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State HMO Czar Quits Unexpectedly

Health: Keith Bishop said he will return to private law practice in Orange County. He had won bruising confirmation fight only last May.


SACRAMENTO — Keith Bishop, who won a bruising confirmation fight in May to become Gov. Pete Wilson's chief regulator of the state's vast managed care industry, disclosed his surprise resignation Tuesday.

Bishop, the state commissioner of corporations, said he will step down from the $108,000-a-year post on Sept. 30 and return to private law practice in Orange County.

Word of his abrupt departure caught consumer advocates and industry executives off guard, particularly because he had won an extraordinarily hard-fought battle for Senate confirmation less than four months ago.

It also occurred as Wilson and the Legislature are struggling to create an updated regulatory system for the managed care industry that will balance the often competing demands of high-quality care and reduced costs.

Sean Walsh, the governor's spokesman, said no successor would be appointed immediately. "We need to do some searches," he said.

In an interview, Bishop, 40, who filed his letter of resignation with Wilson on Friday, said he decided to leave the post for "basically personal reasons." In the letter, he cited the "financial obligations of rearing and educating three children."

He conceded that he is interested in becoming a judge, but declined a direct answer on whether he has sought an appointment to the bench from Wilson. "At this point, I'm looking to rejoining private practice," said Bishop, who lives in Mission Viejo.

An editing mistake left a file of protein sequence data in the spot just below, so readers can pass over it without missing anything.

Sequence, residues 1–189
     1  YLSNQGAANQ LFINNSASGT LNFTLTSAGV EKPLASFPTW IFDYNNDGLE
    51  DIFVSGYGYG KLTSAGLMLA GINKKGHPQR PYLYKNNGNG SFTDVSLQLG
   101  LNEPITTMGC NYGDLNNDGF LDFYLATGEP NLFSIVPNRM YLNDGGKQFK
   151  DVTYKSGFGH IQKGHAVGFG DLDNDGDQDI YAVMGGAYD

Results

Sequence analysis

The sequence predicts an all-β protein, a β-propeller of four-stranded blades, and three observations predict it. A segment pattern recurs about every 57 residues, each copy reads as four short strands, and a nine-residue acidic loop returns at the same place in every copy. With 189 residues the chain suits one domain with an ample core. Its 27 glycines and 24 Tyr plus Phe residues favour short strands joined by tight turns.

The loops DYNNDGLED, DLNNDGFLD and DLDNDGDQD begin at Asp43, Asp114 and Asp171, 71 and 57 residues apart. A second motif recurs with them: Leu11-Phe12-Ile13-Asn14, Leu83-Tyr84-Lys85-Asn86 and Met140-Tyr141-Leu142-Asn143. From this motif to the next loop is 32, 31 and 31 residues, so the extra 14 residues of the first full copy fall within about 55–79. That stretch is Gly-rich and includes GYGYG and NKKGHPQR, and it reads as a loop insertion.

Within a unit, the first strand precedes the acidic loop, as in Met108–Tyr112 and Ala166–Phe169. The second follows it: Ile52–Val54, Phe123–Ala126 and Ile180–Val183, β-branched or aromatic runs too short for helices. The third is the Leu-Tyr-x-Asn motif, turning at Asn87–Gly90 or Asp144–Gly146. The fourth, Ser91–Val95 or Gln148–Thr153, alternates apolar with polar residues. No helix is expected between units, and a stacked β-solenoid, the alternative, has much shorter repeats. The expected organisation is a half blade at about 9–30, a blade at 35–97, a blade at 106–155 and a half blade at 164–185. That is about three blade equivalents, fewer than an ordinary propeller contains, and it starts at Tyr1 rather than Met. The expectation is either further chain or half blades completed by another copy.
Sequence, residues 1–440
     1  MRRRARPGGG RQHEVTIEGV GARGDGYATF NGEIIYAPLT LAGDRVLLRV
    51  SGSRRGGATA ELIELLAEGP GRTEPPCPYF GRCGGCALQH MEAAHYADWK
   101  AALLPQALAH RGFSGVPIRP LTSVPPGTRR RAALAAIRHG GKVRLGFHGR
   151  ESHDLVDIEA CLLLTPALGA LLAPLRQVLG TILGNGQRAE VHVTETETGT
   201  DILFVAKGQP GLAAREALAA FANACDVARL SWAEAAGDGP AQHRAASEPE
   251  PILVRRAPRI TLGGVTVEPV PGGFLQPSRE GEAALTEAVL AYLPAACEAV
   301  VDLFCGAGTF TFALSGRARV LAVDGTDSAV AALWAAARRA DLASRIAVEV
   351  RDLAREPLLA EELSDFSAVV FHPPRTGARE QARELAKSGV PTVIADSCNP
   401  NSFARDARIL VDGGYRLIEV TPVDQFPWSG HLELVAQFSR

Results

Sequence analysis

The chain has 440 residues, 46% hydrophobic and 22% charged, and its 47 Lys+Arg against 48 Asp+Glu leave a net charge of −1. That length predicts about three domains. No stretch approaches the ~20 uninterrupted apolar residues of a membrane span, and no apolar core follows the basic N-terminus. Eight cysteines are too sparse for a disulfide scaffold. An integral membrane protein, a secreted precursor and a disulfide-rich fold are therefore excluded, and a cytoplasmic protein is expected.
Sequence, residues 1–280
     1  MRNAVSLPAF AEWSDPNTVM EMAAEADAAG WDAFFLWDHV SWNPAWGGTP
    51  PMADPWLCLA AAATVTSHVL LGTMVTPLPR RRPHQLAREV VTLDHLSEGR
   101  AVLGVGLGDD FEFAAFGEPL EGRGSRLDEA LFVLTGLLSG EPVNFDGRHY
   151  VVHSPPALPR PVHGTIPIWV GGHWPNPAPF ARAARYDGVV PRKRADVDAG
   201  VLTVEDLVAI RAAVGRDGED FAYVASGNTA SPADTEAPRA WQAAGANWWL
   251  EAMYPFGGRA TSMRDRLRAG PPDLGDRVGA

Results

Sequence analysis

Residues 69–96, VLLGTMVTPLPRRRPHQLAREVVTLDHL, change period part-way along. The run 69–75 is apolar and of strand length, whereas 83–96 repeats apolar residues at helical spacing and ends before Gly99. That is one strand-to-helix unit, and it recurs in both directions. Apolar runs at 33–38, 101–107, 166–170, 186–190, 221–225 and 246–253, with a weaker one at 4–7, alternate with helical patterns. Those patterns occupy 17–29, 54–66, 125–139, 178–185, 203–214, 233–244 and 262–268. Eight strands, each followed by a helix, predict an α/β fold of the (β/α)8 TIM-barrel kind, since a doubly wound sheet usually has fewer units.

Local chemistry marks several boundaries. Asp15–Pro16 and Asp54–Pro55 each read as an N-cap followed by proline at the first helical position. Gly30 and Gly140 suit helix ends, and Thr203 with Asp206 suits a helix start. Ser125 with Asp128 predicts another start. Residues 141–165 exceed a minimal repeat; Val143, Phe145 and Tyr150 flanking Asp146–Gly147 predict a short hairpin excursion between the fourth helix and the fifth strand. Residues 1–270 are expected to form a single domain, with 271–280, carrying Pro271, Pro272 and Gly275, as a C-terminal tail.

During his confirmation hearings last spring, Bishop, who had served without confirmation for a year, was assailed by a variety of patients' advocates for failing to act on consumer complaints against health maintenance organizations.

Included in the list were charges that the Department of Corporations had failed to enforce a regulation requiring HMOs to publicize a toll-free consumer hotline. More than 7,000 calls went unanswered, according to testimony at legislative hearings.

In the face of such opposition to Bishop, the Senate Rules Committee warned Wilson that Bishop's appointment as chief HMO regulator would be rejected.

In a remarkable series of actions, Wilson subsequently added $6.5 million to the department's $9-million budget for HMO enforcement and filled a vacant department ombudsman's position. A few days later, Bishop won unanimous confirmation.

Bishop said Tuesday that he believes that he leaves the department "in real good shape."

Even so, Myra Snyder, executive officer of the California Assn. of Health Plans, an HMO trade association that backed Bishop, voiced concern that his abrupt exit may impede efforts to develop new regulatory reforms for the mushrooming industry.

"The department definitely benefits from continuity and leadership. We were at the beginning stage of developing a working relationship with him," Snyder said. She urged Wilson to appoint a successor quickly.

But Jamie Court of Los Angeles-based Consumers for Quality Care, one of Bishop's toughest critics, asserted that even after Bishop was confirmed, his enforcement record on quality-of-care matters was "unremarkable."

"The department is in shambles," Court said. He claimed that while Bishop may have stepped up enforcement actions against HMOs for violating administrative procedures, he was not aggressive in pursuing quality-of-care offenders.

Another critic, Beth Capell of Health Access California, gave Bishop slightly higher marks. "We think he made some progress although the department is so inadequate" in providing consumer protections, she said. "We went from the sub-basement to basement."

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